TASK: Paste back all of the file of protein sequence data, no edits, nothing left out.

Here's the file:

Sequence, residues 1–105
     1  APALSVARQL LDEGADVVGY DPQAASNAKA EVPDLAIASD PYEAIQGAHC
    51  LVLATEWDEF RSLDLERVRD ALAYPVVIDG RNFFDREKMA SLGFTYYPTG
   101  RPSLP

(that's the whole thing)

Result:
Sequence, residues 1–105
     1  APALSVARQL LDEGADVVGY DPQAASNAKA EVPDLAIASD PYEAIQGAHC
    51  LVLATEWDEF RSLDLERVRD ALAYPVVIDG RNFFDREKMA SLGFTYYPTG
   101  RPSLP